Organisers recently confirmed that players must be vaccinated against coronavirus to compete in the tournament, which begins on January 17.
World number one Djokovic, who won a record ninth title in Melbourne last year, has not publicly stated whether he has had the jab.
Srdjan Djokovic told Serbia's TV Prva that being vaccinated is a personal choice, and that Tennis Australia's rules are essentially "blackmail".
"As far as vaccines and non-vaccines are concerned, it is the personal right of each of us whether we will be vaccinated or not," he was quoted as saying by news website B92.
"No one has the right to enter into our intimacy, it is guaranteed by the constitution. Everyone has the right to decide on their health.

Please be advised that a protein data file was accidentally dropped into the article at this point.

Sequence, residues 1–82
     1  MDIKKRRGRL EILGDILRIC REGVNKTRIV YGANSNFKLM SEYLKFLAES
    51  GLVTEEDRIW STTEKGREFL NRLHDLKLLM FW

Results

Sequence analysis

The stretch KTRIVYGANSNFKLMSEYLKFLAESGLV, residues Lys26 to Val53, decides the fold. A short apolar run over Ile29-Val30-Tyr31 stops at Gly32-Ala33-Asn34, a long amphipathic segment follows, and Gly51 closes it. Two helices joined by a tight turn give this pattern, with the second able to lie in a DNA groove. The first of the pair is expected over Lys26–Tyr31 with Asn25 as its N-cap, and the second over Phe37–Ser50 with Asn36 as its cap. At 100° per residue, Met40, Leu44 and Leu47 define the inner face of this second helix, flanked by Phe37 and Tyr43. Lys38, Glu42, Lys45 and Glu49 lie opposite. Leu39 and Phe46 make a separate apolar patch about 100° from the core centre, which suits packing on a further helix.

"Whether [Novak] is vaccinated or not, that is his exclusive right. Will he publish it, I don't think so. I don't know that decision either, and if I did, I wouldn't share it with you. He has the right to decide as he wants."
When asked about Djokovic's decision to play in Australia, his father added: "Whether he will appear there depends on how [the organisers] position themselves. He would want it with all his heart because he's an athlete, and we would love that too.
"Under these blackmails and conditions, he probably won't. I wouldn't do that. And he's my son, so you decide for yourself."
Djokovic, who is tied on 20 major singles titles with Rafael Nadal and Roger Federer, recently said he was unsure of his participation following his appearance at the ATP Finals in Turin.
"I was just waiting to hear what the news is going to be and now that I know we'll just have to wait and see," he said.